What requirements apply to panels that have up to 120 volts, and the components do not have exposed contacts?

This is one of the FAQs from our Electrical Safety Panel Discussion with John Kolak MS CSP, Charles Miller NEC Expert, & Bhanu Srilla CESP CMRP.

Charles Miller: Let's say we've got up to 120 volts. We have several things to again to discuss: What is the shock hazard? What is the arc flash hazard? The limited approach boundary is three and a half feet. The restricted approach boundary is avoiding contact, don't touch it. So, there's really no distance away from it like it would be for a 208 volt.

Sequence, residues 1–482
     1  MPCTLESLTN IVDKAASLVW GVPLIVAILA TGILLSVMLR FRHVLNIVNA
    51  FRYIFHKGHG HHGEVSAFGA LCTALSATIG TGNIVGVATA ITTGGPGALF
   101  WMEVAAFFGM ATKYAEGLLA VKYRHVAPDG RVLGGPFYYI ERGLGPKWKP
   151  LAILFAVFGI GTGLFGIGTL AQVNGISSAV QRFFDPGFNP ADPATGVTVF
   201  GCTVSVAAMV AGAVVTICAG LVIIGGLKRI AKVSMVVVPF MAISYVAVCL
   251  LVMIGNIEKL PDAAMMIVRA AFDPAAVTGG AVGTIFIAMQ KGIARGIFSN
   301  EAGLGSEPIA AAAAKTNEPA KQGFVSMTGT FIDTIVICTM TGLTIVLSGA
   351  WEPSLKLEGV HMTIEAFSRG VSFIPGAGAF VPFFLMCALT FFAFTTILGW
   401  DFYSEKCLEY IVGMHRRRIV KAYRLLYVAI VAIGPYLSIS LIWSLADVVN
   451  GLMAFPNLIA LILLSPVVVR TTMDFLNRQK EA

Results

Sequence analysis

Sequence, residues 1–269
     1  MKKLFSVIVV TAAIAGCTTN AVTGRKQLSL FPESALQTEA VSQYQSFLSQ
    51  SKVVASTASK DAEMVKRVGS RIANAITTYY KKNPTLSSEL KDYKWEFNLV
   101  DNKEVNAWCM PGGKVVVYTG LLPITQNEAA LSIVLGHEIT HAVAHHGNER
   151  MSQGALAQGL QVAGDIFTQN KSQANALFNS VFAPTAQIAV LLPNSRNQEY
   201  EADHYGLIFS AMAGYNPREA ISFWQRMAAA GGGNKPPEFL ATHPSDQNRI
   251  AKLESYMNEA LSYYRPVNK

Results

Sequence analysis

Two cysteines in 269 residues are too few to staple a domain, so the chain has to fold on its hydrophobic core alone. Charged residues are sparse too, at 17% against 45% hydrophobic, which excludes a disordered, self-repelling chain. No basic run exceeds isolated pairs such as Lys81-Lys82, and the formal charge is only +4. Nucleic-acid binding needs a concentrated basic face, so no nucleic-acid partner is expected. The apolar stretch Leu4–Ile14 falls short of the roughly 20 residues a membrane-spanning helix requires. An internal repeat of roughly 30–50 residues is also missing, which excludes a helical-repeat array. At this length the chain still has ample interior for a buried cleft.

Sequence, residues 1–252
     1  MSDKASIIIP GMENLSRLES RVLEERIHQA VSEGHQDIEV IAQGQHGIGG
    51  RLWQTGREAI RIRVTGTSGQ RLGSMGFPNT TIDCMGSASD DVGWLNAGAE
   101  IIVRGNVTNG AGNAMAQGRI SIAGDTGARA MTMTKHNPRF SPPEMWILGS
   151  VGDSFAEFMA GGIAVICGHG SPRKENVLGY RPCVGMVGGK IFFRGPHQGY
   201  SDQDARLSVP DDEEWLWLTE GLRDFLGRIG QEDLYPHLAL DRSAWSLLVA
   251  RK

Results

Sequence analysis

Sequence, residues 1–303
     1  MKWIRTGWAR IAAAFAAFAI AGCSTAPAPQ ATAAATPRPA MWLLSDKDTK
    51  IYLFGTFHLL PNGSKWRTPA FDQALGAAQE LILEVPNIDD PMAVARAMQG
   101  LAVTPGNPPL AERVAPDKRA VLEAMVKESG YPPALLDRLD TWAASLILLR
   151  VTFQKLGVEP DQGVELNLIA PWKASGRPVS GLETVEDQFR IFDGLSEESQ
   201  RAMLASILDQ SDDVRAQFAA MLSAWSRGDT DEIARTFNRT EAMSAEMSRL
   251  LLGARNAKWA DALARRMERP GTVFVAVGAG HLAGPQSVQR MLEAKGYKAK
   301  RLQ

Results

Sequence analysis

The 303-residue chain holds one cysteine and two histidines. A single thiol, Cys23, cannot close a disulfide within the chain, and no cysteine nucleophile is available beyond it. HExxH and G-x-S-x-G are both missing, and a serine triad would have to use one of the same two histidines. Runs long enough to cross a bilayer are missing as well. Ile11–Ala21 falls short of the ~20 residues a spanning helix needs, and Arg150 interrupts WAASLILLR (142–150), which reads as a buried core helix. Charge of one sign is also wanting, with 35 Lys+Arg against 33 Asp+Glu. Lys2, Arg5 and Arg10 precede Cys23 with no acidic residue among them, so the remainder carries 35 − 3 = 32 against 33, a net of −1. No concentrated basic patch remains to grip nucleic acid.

We don't get 120 volts by measuring phase to phase. We get 120 volts by measuring phase to ground. But there is a footnote that references us to that row. Once we go over, if we're going to be 208 up to 750 volts, the limited approach boundary is still three and a half feet. But, the restricted approach boundary is one foot. We also have in the arc flash table, it talks about that if it's only 120 volts, then you're going to have to do a risk assessment to make sure there are no other underlying problems. But otherwise, there is a section in the top of the arc flash table for task about the third one down or so that lets us know, if it's only 120 volts then there is no arc flash hazard. You don't have to wear arc-rated PPE.

 

View the complete electrical safety panel discussion below: